Books:

Bury your Dead and A Trick of the Light by Louise Penny.  I continued to cruise through the Chief Inspector Gamache mysteries.  I really enjoyed Bury your Dead, partly because it was set almost completely out of Three Pines (where most of the books were set).  I hope to read Beautiful Mystery again before it is finally my turn for How The Light Gets In at the public library (I’m up to number 35 or something like that on 10 copies of the book).  I am almost ready to move on from these, I believe, which is a good thing since I only have two left to read.

Unbroken by Laura Hilldebrand.  This was our monthly book club book.  I am still a bit surprised I finished this book and went to book club.  The beginning of the book (the entire Part 1 and part of Part 2) was rather clunky and hard to read.  It didn’t have a lot of flow or voice.  However, the book hooked me more as it progressed.  Unbroken is a biography of a man named Louie who was a bomber in WWII.  His plane went down over the Pacific.  He and the pilot were the only survivors and spent 47 days on raft, dodging Japanese bullets and vicious sharks (there was a third man who survived the crash, but died on the raft).  The raft eventually landed on a Japanese occupied island and Louie became a POW, subject to brutal treatment.  He was ultimately freed after the bombing of Hiroshima and Nagasaki.  He suffered PTSD upon his return and became an alcoholic.  It wasn’t until the last 10 – 20 pages or so he found redemption, through a Billy Graham tent meeting.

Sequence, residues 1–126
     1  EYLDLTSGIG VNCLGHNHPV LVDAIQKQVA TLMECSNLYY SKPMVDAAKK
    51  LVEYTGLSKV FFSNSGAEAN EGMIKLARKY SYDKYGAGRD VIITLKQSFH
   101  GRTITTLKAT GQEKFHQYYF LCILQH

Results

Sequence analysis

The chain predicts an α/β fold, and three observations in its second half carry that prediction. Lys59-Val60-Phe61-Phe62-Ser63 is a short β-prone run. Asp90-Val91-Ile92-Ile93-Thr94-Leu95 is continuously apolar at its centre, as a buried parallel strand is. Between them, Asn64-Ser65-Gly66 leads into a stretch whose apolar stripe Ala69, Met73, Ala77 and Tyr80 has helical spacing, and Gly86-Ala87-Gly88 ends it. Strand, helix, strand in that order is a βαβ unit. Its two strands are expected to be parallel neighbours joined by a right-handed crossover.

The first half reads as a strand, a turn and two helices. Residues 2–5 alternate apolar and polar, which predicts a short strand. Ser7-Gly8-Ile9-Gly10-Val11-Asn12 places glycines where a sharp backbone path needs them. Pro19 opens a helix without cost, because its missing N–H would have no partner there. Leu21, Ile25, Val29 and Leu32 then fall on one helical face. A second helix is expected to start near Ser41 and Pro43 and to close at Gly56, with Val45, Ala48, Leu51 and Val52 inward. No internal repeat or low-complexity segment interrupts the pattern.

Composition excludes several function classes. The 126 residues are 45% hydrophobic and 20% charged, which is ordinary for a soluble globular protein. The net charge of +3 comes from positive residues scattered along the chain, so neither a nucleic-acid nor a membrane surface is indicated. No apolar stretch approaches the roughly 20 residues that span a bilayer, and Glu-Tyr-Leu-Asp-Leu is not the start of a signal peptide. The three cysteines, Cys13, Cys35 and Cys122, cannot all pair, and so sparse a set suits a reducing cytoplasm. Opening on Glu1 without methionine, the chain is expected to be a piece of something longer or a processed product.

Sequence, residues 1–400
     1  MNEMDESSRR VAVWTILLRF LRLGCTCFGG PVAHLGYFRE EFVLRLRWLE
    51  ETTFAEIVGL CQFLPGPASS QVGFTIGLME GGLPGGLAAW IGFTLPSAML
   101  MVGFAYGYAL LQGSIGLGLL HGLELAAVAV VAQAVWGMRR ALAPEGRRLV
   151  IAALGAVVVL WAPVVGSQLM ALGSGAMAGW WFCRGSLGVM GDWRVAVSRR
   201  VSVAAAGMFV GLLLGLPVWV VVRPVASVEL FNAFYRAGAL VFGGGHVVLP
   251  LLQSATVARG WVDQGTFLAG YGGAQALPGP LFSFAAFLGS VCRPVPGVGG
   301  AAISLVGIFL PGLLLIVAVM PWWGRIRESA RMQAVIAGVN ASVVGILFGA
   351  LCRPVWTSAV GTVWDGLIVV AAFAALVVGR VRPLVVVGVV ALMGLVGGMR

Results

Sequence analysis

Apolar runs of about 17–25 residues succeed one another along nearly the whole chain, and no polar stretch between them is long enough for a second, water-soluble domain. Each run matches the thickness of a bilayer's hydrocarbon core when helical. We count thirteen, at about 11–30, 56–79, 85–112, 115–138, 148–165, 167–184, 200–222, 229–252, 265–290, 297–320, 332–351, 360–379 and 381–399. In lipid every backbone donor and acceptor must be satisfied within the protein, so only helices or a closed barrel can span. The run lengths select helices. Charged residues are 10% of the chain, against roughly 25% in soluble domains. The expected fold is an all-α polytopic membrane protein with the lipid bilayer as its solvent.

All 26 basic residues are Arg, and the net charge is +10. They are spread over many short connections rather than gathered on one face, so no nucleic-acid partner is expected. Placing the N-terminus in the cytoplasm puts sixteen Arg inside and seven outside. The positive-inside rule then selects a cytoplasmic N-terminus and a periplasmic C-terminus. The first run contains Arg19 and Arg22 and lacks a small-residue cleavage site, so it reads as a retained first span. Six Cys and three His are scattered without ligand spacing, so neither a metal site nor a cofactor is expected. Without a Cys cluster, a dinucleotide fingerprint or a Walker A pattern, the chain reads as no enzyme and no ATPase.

I knew this was a book about war, yet I went to book club.  I knew my book club wasn’t in a Mennonite, mostly nonviolent group, yet I went.  While I spoke up some, on the subject of war and the importance of dropping the atomic bomb, I kept my mouth closed.  I still don’t believe the ends justify the means.  I don’t think the bombing of Hiroshima and Nagasaki was justified because the Japanese intended to kill all the POW’s otherwise.  While this could start a great debate, I think war is evil and terrible.  War makes us think the lives of our citizens are more important the lives of the citizens of the other country.  Needless to say, so much about this book club got me all riled up and I was thankful I could sit with a child with bad dreams before I went to bed, so I could calm down a bit.